The Area

City of Star North Carolina

Why is Star called Star?

Star is the “Geographic Center of North Carolina”, designated in 1987 by the Army Corp of Engineers. The identifying monument has been replicated and installed at the Town Hall (the original location is on remote private property). The Star Town web site tells us that approximately 800 residents live in the little town that thrive on its’ rich history that revolves around the railroad and hosiery industries. Today, the town of Star is involved in a comprehensive economic restructuring effort which focuses on cultural tourism.
Places of interest include The vibrant Pottery Community; see more about them here;
Seagrove Pottery community → www.discoverseagrove.com
The zoo is a famous attraction not too far away → www.nczoo.org
The Town web-site is: → www.starnc.gov

The Great Outdoors in and Around Star

In September 2013, downtown Star was honored by being listed on the National Register of Historic Places as the Star Historic District.

Two years ago, the Town  of Star was given two grants from the N.C. Parks and Recreation and the N.C. Land Trust, to purchase forty acres on the Little River to turn it into a Passive Park with walking and hiking trails and access to the river for canoe and kyats and a large picnic area to be developed. The park is located on Okeweeme Road, at the bridge, which is west of Star at the Forks of the Little River and is called the “Forks of the Little River Passive Park.” http://landtrustcnc.org/2015/forks-of-little-river-passive-park/

Montgomery County is also home to the Uwharrie National Forest with miles and miles of trails for hiking, biking, and horseback riding, as well as camping sites and over 46,000 acres of unspoiled nature. In addition, the Forest contains one of the oldest mountain ranges in North America.

Hiking/Camping

Uwharrie Mountains:
→ www.visitnc.com/listing/uwharrie-national-forest
→ www.ncparks.gov/morrow-mountain-state-park
→ www.recreation.gov/camping/badin-lake-campground/r/campgroundDetails.do?contractCode=NRSO&parkId=73840

Mountain Biking specific Resources:
Uwharrie Mtn bike trails: → www.mtbproject.com/trail/3633916
Tarheel Trailblazers:  → www.tarheeltrailblazers.com/
Facebook: → www.facebook.com/Uwharrie-Mountain-Biking-496130903833357/?fref=nf

Road Cycling Specific Resources:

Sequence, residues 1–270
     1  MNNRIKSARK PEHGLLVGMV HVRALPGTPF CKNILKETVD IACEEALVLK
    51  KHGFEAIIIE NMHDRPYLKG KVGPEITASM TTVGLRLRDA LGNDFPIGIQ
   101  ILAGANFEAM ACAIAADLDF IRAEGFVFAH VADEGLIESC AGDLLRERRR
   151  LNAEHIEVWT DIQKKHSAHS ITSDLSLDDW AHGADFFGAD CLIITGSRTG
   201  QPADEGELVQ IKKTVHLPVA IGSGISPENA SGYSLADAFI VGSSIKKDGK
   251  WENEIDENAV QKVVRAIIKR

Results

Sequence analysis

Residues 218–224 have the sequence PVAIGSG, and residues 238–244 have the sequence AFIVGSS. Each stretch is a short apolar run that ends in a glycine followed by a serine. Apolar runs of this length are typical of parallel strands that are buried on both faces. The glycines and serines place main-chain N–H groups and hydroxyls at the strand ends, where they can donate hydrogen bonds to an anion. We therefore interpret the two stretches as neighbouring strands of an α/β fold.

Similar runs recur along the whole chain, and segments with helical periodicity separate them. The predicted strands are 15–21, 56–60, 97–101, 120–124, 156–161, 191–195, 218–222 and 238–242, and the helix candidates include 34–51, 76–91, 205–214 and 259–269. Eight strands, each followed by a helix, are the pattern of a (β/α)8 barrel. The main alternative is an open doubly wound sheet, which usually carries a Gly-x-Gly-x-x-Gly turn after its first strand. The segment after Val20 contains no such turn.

The Piedmont Triangle Regional Council has done research and created maps of the area for riding:
This link brings you to the page where you can find each loop that covers a different aspect of the area.

June 30, 2015 Update: Market Analysis Report SWOT Analysis
Under contract to the Bicycle and Pedestrian Division of NCDOT, the Regional Council has developed a regional bicycle plan for the Central Park NC region. The Central Park region of North Carolina is comprised of eight counties in the south central Piedmont: Anson, Davidson, Montgomery, Moore, Randolph, Richmond, Rowan, and Stanly. While predominantly rural in character with small to mid-sized cities, the region is easily accessible from major metropolitan areas of the State. Cyclists traveling in the Central Park NC region enjoy rolling hills, unspoiled scenery and lightly traveled rural roadways. The network of routes and connectors identified in this plan provide a variety of scalable bicycle touring experiences, from day trips to multi-day tours along routes that connect to communities, historic sites, recreational areas, State parks and the North Carolina Zoo.

PIEDMONT HERITAGE – Covers 152 miles and 11 small towns and cities in Randolph, Davidson and Rowan Counties. The route highlights the heritage of manufacturing in the Piedmont, while also taking bicyclists across the Yadkin River where Daniel Boone was alleged to have lived. The cycling route is located in the northern area of Central Park passing through several small cities and towns, villages, farms and forest land.

POTTERY – Covers 155 miles and 13 small towns and cities in Randolph, Montgomery, Richmond and Moore counties. Linking together bicycle friendly routes in the eastern part of the Central Park region, the route highlights the peach growing Sandhills, potters, equestrian farms, small towns and villages as well as several game lands and wildlife reserves.

NORTH UWHARRIE – Covers 132 miles and 7 small towns and cities in Montgomery, Southern Davidson, Rowan and Stanly Counties. The route highlights many of the natural heritage assets of the Uwharrie Region winding through National Forest lands, while also providing access to the Yadkin Pee Dee river and lakes and many of the small towns that grew up around gold mining and traditional manufacturing industries. The cycling route is located in the northwestern section of the Central Park region and 40 miles of the route is shared with the South Uwharrie.

SOUTH UWHARRIE – Covers 135 miles and 8 small towns and cities in Anson and Stanly Counties. The flattest of the 4 routes, cultural and agricultural heritage is highlighted on this route, while also providing access to the Yadkin Pee Dee river, wildlife refuge and lakes. Some of the route coincides with the North Uwharrie along the eastern portion of Stanly County near the Yadkin Pee Dee river and lakes. The cycling route is located in the southwestern section of the Central Park region and 40 miles of the route is shared with the North Uwharrie.